The online event welcomed dozens of ambassadors from countries across the globe
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30 January 2022
On 27 January, the UN-sanctioned International Day of Commemoration in Memory of the Victims of the Holocaust, Yad Vashem held its annual symposium for the International Diplomatic Corps serving in Israel. Participating in the event, which due to inclement weather conditions was held online, were Yad Vashem Chairman Dani Dayan, Israel's President H.E. Mr. Isaac Herzog, Deputy Prime Minister and Minister of Justice H.E. Mr. Gideon Sa'ar, and Director General of Israel's Ministry of Foreign Affairs Ambassador Alon Ushpiz.
"We must not allow political considerations to mute our moral compass and prevent us from speaking out," warned President Herzog. "We must expose and denounce any attempts to distort, rewrite or forget what happened not so long ago… Let us preserve the legacy of the Holocaust by showing zero tolerance for all forms of antisemitism, racism and extremism, and by taking effective and timely steps to counter them.
"The truth cannot sustain itself – it is our obligation to do so."
"The Holocaust began with hostility, incitement and lies," Minister Saar reminded the audience. "A key lesson of those dark years is the importance of combatting extremism and unchecked hate early on. It is not enough to stand up to certain forms of bigotry and not others. All nations, all people who believe in the sanctity of human life must come together to fight hatred in all forms.
"Promoting Holocaust education must be a priority, and Yad Vashem is leading this effort… We must all join forces to combat traditional and modern forms of antisemitism – whenever and wherever they may appear."
Dayan noted the four pillars of Holocaust remembrance: mourning, knowledge, identification and learning, and called upon all the ambassodors to make sure that the archives in their countries are opened to researchers without limitation or restriction. "The Shoah has many lessons… some are individual, some national, some universal… We are far from Europe of the 1930s, and the difference is that we have the experience that they lacked. We know that if antisemitism is not confronted immediately and decisively, it can grow to monstrous dimensions. It is not only the Jewish people's duty to prevent it – it is upon each one of your governments and populations, too… Otherwise when you say 'never again,' you are just using a shallow cliché.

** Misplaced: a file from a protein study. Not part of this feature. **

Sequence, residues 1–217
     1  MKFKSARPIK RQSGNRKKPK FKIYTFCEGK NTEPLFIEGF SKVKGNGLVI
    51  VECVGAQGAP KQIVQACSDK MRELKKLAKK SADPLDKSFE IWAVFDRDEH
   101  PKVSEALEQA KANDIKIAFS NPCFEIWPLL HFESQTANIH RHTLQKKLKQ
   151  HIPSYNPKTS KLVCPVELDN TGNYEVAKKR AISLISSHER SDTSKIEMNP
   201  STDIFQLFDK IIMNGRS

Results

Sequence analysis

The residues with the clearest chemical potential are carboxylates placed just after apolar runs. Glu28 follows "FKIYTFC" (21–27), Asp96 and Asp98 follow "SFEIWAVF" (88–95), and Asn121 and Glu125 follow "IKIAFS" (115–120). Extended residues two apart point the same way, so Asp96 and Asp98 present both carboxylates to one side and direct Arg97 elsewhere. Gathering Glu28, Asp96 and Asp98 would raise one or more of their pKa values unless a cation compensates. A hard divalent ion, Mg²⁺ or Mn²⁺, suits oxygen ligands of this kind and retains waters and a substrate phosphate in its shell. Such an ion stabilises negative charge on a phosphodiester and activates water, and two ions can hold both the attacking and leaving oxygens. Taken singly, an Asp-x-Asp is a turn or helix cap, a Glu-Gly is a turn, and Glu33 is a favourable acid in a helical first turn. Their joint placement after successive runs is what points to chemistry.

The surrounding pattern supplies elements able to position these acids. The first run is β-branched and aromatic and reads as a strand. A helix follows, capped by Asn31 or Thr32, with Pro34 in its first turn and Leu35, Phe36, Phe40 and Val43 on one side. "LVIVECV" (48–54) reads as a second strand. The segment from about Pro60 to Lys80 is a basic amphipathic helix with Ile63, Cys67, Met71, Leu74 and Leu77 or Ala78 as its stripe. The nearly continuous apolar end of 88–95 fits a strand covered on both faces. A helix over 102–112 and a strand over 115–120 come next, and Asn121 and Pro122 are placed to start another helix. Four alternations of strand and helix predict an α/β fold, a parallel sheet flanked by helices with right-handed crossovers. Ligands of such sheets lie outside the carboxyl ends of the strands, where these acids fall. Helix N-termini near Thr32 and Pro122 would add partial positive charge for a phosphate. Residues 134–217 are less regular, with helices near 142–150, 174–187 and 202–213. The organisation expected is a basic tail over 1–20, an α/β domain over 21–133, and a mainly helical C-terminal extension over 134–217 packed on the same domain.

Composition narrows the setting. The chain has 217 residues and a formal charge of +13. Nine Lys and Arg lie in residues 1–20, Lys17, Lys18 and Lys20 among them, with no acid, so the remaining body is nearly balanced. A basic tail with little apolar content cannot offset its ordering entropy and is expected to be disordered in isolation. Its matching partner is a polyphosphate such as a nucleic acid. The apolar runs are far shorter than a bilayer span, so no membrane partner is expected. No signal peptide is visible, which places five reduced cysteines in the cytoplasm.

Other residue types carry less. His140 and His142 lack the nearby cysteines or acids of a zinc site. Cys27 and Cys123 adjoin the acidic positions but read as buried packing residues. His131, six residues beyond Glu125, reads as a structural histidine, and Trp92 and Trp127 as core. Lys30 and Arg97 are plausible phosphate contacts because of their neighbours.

"Be serious, be substantive, combat antisemitism and anti-Zionism. If we all do that, then 'never again' will become a reality."
Director General Ushpiz recalled the 37 diplomats who have been recognized as Righteous Among the Nations. "The actions of these people should be a moral compass to all of us," he implored.
"We are what we are today because of the survivors as well as those who perished. We are what we are today because we remember."
The audience then viewed a short video art piece by student Ayelet Ankis of the Holon Institute of Technology, inspired by story of Holocaust survivor Shoshana Rochlis. The portrait Rochlis received for her portion of bread became a symbol of hope for the young Jewish girl caught in the inferno of the Shoah – and decades later she donated it to Yad Vashem for perpetual safekeeping on the Mount of Remembrance in Jerusalem.